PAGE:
How Intense Should Pregnant Women Weight Train?

How intensely should pregnant women train with weights? Perhaps your doctor has endorsed weight training if you have a low risk pregnancy, but how intensely is it safe for a pregnant woman to train with weights? This is something that your physician may not have solid knowledge about.

However, a new study investigated intensity when it comes to weight training and pregnancy. 

I’m a certified personal trainer and have always recommended that pregnant women abide by the exercise rules of the American College of Obstetrics and Gynecology when it comes to exercise guidelines during pregnancy, and that expectant women should consult with their physician.

But when it comes to the intensity level of weight training, this new study points to the low to moderate range of intensity as being safe and effective. It’s also important to note that the investigation did not have any pregnant subjects weight training at a highly intense level.

Thus, the outcome for highly intense weight training on pregnant women is not clear; only the effect of low to moderately intense strength workouts is. There were 32 expectant women in this study that lasted for 12 weeks, with a total of 618 strength training sessions. None of the women suffered any musculoskeletal injury during these supervised sessions.

"Doctors often have been unwilling to prescribe weightlifting, in part, because there was little evidence that it is safe and effective," explains Patrick O'Connor, researcher in the kinesiology department in the UGA College of Education. 

"I think that the appropriate conclusion of this study is that the adoption of a supervised, low-to-moderate intensity weight-lifting exercise program can be safe for women with a low-risk pregnancy."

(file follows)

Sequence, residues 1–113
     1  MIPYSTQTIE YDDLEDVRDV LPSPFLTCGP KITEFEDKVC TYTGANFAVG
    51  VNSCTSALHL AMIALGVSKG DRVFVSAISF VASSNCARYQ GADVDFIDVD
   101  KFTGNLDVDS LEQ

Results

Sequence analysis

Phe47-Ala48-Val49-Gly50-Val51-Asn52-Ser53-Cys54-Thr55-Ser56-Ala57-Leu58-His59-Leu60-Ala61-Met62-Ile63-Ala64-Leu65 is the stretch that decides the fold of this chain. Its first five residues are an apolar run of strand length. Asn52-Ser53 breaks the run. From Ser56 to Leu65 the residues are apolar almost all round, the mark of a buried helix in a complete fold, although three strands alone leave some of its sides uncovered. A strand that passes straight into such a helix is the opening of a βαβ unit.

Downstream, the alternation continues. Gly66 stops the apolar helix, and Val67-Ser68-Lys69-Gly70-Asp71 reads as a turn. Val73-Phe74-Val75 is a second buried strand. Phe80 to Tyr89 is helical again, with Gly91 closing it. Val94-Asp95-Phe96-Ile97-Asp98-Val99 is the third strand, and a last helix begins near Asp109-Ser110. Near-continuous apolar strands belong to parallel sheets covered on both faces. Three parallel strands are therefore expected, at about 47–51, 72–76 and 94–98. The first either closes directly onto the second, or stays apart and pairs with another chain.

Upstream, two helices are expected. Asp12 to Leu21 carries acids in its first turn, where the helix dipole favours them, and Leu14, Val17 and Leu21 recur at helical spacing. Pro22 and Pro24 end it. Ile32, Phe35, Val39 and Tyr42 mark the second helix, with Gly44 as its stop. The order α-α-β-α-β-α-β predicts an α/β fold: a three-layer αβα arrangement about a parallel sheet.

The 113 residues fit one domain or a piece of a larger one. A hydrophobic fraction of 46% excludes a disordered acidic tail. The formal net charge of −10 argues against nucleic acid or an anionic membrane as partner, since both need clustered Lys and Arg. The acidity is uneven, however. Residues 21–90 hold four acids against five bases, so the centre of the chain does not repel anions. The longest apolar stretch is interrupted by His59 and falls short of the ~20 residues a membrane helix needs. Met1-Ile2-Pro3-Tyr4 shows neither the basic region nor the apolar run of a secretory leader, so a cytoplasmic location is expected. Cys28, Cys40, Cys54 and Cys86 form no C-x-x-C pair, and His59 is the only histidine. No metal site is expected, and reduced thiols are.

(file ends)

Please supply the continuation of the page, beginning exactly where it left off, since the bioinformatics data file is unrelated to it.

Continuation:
The study subjects did strength training twice a week. The routines targeted muscles that tie into back function and back pain. Over the 12 week period, these pregnant women increased the amount of weight lifted by an average of 36 percent.

This shows that pregnancy does not keep a woman from increasing her strength, including women who have never lifted weights before. Historically, doctors have been reluctant to recommend weight lifting to expectant women simply because their bodies produce high levels of relaxin, which is a hormone.

This hormone increases the laxity of connective tissue to prepare the body for giving birth. Increased laxity raises the risk of orthopedic injury. This is the reason that the research excluded highly intense workout sessions, and instead studied only low to moderate.

Though the women did not experience any orthopedic problems, there were 13 reports involving pelvic pain, headache and dizziness. O’Connor especially warns about the dizziness, even though it subsided after a few weeks into the study.

Variables that can cause dizziness during exercise include 1) being poorly conditioned in the first place, 2) inadequate hydration, and 3) insufficient nutrients in the diet and/or not eating enough. Variables #2 and #3 would more likely cause symptoms in people not accustomed to exercise.

Though lifting weights raises blood pressure during the actual routine, blood pressure is normally lower after the session is completed. In the case of the pregnant women, their blood pressure didn’t change – either after any given workout, or after the 12 weeks.

The conclusion is that training with weights was neither bad nor good for blood pressure. More studies involving the effects of weight training on pregnant women are planned. The full report is in the Journal of Physical Activity and Health (March 2011).

Source: http://www.sciencedaily.com/releases/2011/03/110325151651.htm


Black Women’s Obesity: Treadmill Desk Can Help

The amount of sitting time on the job by black women is linked to obesity risk; a risk factor that’s independent of how much exercise they get outside the workplace.

This association is also found in other races as well as in men, but a study out of the School of Medicine and the Brown School at Washington University in St. Louis sought to see what the correlation was with a diverse population.